Peyton wanted to cast his frequent collaborator, Dwayne Johnson, in the role. Yet Johnson would pass on the part to play Black Adam in Shazam instead! before the plan was scrapped in favor of a Black Adam solo film. The last time anyone heard of a Lobo film was in February 2018, when Transformers director Michael Bay was attached to the project. That movie never materialized, but it is hard to argue that if Michael Bay was going to direct any superhero movie, Lobo seems like the obvious one.

Then, in 2019, Lobo appeared on the television series Krypton for the show’s second season. He was played by actor Emmett J. Scanlan (who, funny enough, has a history with James Gunn as he appeared as a prison guard in Guardians of the Galaxy). The character was set to get his own spin-off series on SyFy, but the series was scrapped following Krypton‘s cancelation. Lobo struggled to get off the ground during the past decade at DC, but the new decade might be the best time for him.

How the New DCU Can Introduce Lobo

Lobo Brutally Battling Armed Soldiers in Justice League of America
DC Comics

A lot of the discussion around Lobo entering the new DCU presumes that the character would receive his own standalone movie. While this certainly wouldn’t be rejected by fans of the character, a potentially better route would be to utilize Lobo as a supporting character across the entire cinematic universe – similar to Hulk in the Marvel Cinematic Universe. In DC’s acclaimed animated universe, Lobo often makes brief appearances as a smaller antagonist, typically with the goal of claiming the bounty on whichever supervillain the hero is also pursuing. Although it would take longer to establish the character in the minds of casual fans, the animated universe has had a lot of success with this approach to Lobo’s character, and James Gunn may take notes from these previous victories.

Related: DC Characters That Were Cut from the DCEU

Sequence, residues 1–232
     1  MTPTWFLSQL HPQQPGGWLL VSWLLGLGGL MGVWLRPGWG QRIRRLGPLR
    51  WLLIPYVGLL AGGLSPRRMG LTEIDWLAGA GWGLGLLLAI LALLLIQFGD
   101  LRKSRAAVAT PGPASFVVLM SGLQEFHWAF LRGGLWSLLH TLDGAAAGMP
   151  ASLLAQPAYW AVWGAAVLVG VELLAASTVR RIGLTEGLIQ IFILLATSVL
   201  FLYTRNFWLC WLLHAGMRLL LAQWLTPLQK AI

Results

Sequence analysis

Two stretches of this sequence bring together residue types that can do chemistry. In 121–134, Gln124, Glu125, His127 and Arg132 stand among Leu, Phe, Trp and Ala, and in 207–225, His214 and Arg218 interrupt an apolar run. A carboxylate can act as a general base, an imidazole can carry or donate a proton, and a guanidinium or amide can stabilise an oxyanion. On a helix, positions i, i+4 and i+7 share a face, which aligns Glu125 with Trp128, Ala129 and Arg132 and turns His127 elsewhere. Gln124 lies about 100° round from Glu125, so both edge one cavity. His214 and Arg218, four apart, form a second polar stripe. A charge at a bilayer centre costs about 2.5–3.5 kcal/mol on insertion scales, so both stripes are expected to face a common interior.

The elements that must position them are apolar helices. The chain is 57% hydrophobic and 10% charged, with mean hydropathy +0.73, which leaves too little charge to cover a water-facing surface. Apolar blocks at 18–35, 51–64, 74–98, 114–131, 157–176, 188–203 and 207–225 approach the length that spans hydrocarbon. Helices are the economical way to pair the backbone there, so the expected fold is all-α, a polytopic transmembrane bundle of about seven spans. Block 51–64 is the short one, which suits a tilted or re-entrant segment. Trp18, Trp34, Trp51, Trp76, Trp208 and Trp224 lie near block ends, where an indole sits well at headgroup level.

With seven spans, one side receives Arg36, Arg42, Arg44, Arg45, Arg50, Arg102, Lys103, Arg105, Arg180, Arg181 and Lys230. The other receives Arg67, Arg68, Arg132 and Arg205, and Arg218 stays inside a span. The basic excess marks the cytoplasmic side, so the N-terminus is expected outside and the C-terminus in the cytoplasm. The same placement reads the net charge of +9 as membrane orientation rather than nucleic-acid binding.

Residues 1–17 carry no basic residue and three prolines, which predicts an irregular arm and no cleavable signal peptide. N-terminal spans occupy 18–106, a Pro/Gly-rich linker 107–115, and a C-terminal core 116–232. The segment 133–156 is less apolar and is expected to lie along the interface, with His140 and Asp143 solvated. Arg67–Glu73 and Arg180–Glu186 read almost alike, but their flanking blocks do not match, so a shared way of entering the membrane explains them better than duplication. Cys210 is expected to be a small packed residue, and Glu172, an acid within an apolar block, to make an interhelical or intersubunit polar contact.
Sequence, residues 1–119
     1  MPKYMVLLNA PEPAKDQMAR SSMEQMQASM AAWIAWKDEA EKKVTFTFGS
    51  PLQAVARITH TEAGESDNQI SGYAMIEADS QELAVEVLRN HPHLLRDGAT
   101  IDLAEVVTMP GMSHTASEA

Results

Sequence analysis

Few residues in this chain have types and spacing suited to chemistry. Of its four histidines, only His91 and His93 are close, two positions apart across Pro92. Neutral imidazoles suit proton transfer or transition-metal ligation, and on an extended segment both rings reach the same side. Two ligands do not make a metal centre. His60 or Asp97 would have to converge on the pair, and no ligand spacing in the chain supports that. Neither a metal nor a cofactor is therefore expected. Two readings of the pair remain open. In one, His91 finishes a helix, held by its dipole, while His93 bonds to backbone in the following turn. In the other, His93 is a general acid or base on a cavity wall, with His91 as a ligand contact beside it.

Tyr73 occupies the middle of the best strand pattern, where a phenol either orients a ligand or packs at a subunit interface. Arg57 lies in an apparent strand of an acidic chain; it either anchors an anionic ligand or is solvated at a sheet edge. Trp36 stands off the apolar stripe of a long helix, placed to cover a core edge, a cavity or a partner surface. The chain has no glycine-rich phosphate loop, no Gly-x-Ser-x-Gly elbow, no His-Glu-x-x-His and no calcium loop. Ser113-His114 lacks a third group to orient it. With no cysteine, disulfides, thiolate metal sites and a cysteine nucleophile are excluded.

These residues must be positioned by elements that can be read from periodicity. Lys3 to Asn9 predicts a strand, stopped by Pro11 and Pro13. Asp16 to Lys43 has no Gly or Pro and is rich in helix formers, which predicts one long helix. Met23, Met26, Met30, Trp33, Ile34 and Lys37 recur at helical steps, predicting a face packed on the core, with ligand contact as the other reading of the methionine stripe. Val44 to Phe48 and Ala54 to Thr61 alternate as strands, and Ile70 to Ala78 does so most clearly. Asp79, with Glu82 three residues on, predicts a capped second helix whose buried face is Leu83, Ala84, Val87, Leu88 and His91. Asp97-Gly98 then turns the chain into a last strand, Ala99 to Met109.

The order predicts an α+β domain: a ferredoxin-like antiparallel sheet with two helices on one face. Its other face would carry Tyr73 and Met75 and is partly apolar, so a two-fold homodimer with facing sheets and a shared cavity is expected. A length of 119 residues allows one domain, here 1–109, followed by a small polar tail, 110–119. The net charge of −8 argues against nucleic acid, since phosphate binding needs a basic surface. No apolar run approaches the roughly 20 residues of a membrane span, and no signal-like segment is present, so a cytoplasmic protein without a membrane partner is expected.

The beauty of Lobo’s character is in his malleability. This allows James Gunn to call on Lobo as and when he needs across the new DCU just as well as he could star in his own feature film. Being an intergalactic bounty hunter, Lobo is one of many DC characters not grounded by realistic storytelling, unlike non-powered characters like the Bat Family, meaning the possibilities are endless. He could show up in Superman: Legacy or the Lanterns television series. He could also easily show up in The Authority movie, which will focus on a group of R-rated superheroes, and Lobo could possibly be a villain in that film. The possibilities are endless.

James Gunn Knows How to Write Satirical Characters

cast of Guardians of the Galaxy
Marvel Studios

As previously established, the version of Lobo that could most benefit the new DCU is his original role as a satire of excessive and gratuitous violence in the medium and the need for characters to push their gritty and brutal stories further in a never-ending race of one-upmanship. While fans of the comics didn’t always interpret Lobo as the parody he was meant to be, this misreading is also something that his film incarnation could leverage to elevate the new cinematic franchise he’ll appear in.

On the filmmaking side, James Gunn has a proven track record when it comes to offbeat and quirky characters. His work on Guardians of the Galaxy and Suicide Squad has provided great examples of what he can accomplish when given free reign over under-appreciated characters. Knowing Gunn’s filmography, it is highly likely that a DCU iteration of Lobo would lean into the absurdity of the character whilst balancing a well-written, heartfelt narrative.

However, all of this hinges on DCU being self-aware enough of the tonal issues that brought the DCEU down in the first place. In the 90s, the satirical nature of Lobo was completely lost on fans, and he became the poster boy for the very things he was meant to parody. If the DCU falls into this same trap and chooses to take Lobo seriously, then the result will be a film that unintentionally adds to the gritty violence first started by Snyder’s previous DCEU movies.

More than just leaving one of the best parts of a great character on the table, such a choice would demonstrate that the DCU has not learned from the failures of the past, and audiences may not appreciate more of the same.